One of the culprits are so-called Volatile Organic Compounds (VOCs) – one, limonene, used to give products a citrus smell – is dangerous to inhale on its own. It can react with air to create toxic formaldehyde, which causes lung irritation and, in large quantities cancer, and potentially fatal inflammation of other body tissue. The harm from outdoor pollution such as car exhausts occurs as tiny particles from it penetrate deep into the lungs and collect in the tiny air sacs (alveoli) where oxygen enters the bloodstream.

These particles set up damaging lung inflammation as the body reacts to the foreign invasion. The toxins within them travel into the blood, damaging blood vessel walls, interfering with signals about blood sugar levels, or setting up cell changes that can lead to cancer. As well as these particles, damage is caused by gases such as nitrogen dioxide, sulphur dioxide and ozone which irritate the airways and interfere with oxygen absorption, worsening symptoms for those with pre-existing lung disease. Also to blame is carbon monoxide, which prevents supply of oxygen to the heart.

Most urban dwellers are breathing contaminated air. In London three-quarters of kerbside tests for pollution found nitrogen dioxide levels exceeded EU safety limits, with seven test sites registering concentrations double the permitted limit. Similar nitrogen dioxide blackspots and other high levels of pollutants have been found in Birmingham, Manchester, Bristol and other towns and cities around the country, according to figures compiled by the Air Pollution Information System.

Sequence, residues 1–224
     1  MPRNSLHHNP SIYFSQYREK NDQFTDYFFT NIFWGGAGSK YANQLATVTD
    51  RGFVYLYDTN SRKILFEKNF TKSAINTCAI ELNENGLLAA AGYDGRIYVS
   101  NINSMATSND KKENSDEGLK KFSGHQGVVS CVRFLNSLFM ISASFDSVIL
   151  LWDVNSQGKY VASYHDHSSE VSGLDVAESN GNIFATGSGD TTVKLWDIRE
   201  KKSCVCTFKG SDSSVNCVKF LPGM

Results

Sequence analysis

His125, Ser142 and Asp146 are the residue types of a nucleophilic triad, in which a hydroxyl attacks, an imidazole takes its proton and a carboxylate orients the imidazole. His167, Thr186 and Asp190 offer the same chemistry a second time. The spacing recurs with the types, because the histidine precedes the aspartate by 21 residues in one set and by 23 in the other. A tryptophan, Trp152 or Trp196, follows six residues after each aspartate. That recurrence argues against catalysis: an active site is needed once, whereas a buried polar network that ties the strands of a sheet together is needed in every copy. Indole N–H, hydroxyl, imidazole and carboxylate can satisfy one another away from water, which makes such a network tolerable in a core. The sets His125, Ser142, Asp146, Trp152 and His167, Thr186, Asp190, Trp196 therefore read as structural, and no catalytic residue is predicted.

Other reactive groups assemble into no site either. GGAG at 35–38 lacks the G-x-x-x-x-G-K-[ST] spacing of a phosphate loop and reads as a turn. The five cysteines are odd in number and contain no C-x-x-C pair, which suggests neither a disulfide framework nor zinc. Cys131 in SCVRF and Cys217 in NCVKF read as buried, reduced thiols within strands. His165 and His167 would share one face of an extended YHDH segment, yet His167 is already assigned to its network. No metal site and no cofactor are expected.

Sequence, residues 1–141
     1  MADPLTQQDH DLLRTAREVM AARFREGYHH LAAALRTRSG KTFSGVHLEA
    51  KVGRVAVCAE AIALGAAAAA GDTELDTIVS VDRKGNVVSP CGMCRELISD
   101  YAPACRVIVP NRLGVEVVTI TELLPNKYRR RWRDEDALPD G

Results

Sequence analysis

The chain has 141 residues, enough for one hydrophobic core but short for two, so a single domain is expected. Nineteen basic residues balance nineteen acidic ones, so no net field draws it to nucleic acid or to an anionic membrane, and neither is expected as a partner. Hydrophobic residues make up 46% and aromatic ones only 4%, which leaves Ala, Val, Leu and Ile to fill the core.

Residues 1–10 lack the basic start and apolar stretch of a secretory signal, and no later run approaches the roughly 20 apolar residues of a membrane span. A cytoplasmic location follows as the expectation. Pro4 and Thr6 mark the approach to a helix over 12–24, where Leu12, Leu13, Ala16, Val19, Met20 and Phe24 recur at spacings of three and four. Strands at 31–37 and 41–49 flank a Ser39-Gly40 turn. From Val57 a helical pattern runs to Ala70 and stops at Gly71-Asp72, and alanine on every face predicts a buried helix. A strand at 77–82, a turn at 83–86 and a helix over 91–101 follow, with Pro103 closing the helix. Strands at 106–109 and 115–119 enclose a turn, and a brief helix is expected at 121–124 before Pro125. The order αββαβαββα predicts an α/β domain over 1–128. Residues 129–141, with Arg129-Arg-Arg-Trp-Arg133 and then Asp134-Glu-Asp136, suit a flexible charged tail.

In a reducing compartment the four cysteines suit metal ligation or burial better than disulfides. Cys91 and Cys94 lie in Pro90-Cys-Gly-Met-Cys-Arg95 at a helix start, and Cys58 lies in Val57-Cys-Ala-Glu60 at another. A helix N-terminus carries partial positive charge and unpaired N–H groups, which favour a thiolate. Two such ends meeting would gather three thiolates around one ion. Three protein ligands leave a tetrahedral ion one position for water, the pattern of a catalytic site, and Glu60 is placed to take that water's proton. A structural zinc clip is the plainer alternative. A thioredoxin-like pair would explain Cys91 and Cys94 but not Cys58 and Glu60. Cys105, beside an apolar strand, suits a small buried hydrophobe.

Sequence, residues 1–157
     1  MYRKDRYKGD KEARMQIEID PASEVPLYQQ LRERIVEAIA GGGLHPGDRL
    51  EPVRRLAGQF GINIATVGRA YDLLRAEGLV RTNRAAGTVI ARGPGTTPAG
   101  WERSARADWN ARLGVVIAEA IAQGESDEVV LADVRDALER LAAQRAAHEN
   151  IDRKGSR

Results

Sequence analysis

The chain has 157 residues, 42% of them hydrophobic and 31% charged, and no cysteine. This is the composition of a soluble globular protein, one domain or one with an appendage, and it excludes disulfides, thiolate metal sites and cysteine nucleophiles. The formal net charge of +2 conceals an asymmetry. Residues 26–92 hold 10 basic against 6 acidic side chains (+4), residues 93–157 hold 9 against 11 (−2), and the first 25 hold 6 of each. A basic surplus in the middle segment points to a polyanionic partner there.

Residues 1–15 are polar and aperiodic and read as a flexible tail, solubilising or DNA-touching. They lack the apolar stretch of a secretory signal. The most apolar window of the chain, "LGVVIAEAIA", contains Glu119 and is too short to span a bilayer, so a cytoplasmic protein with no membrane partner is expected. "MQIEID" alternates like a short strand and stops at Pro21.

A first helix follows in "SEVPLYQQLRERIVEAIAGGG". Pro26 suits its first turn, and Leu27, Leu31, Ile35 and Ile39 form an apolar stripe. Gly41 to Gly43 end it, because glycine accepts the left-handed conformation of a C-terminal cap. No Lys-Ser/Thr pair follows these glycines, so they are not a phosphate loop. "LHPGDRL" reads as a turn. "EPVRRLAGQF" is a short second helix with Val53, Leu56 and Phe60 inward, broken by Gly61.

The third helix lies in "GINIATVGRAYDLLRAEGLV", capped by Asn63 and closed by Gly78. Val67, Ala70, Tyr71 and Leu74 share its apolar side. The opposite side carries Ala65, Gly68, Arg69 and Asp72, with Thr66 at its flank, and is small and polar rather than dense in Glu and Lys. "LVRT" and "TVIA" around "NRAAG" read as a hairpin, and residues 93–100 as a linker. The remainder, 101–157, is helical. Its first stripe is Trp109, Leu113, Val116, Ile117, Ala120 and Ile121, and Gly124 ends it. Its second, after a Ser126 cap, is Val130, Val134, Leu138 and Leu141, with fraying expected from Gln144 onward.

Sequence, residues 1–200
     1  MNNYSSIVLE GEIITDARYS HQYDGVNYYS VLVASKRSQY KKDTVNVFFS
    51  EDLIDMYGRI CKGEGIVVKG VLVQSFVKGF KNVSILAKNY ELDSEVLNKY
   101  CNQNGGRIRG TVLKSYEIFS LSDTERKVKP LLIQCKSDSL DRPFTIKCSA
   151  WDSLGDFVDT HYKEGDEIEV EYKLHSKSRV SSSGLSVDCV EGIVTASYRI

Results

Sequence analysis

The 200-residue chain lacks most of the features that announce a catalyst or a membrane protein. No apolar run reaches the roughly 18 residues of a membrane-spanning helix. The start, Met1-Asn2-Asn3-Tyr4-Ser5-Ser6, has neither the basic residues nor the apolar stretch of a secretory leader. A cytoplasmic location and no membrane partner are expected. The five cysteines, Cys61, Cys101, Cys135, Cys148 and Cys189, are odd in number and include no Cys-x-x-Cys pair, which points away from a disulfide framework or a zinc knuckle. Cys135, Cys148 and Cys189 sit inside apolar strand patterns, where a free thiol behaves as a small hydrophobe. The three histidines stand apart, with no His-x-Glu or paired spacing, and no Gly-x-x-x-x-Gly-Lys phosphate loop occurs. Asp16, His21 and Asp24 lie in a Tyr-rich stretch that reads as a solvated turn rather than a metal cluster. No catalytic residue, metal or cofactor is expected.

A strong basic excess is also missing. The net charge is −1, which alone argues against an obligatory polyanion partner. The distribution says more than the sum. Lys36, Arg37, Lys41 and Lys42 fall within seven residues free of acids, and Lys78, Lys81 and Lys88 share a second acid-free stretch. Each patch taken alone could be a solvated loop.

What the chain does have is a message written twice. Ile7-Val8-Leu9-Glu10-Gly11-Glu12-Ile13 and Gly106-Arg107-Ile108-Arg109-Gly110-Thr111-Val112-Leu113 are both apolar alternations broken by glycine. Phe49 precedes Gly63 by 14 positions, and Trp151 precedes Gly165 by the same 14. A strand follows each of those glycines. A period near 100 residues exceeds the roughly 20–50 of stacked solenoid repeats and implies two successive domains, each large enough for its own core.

Another worrying pollutant is ozone, a toxin at high levels and which is produced when sunshine reacts with car exhaust fumes. Several UK studies have shown regular spikes in the daily death rates on hot summer days, particularly from heart disease. As Frank Kelly, a professor of environmental health at King’s College London, explains: ‘Chemical toxins dissolve within the lungs or pass through the lungs into the blood. ‘These chemicals interact with blood vessel walls and cause damage that can lead to heart attacks,’ he says. ‘That’s why people living in big cities have a lower life expectancy.’ There is evidence that people living next to busy roads anywhere have the poorest health, adds Claire Holman, chairman of the Institute of Air Quality Management. ‘If you know anything about air pollution you choose to live as far away from busy roads as possible.’

Pollution levels are now routinely included in weather forecasts and increasing numbers of people say poor air quality often imprisons them in their homes. It is a problem Carole Whitbread, 56, from the Isle of Grain on the Thames estuary in Kent, knows only too well. Although her home faces the open sea, she is regularly crippled by breathing difficulties. Formerly a competitive horsewoman, cross-country runner and netball player, she had to give it all up along with her career in the Metropolitan Police based in Croydon, South London, because of chronic obstructive pulmonary disease, diagnosed six years ago.

She is slim and says she tries to live as healthily as possible. She smoked until her late 40s and recognises cigarettes are the main cause of her problems. However, it is car fumes and other types of air pollution that now trigger breathing problems. ‘On days when the air is bad I just have to stay indoors and try not to get out of breath,’ she says. ‘There’s nothing else I can do. ‘The condition came on so quickly, they couldn’t work out what it was. ‘I was absolutely devastated to have to give up work. The police force was my life. Now I can’t really go into London to visit my friends because of the bad air, so they always have to come here.’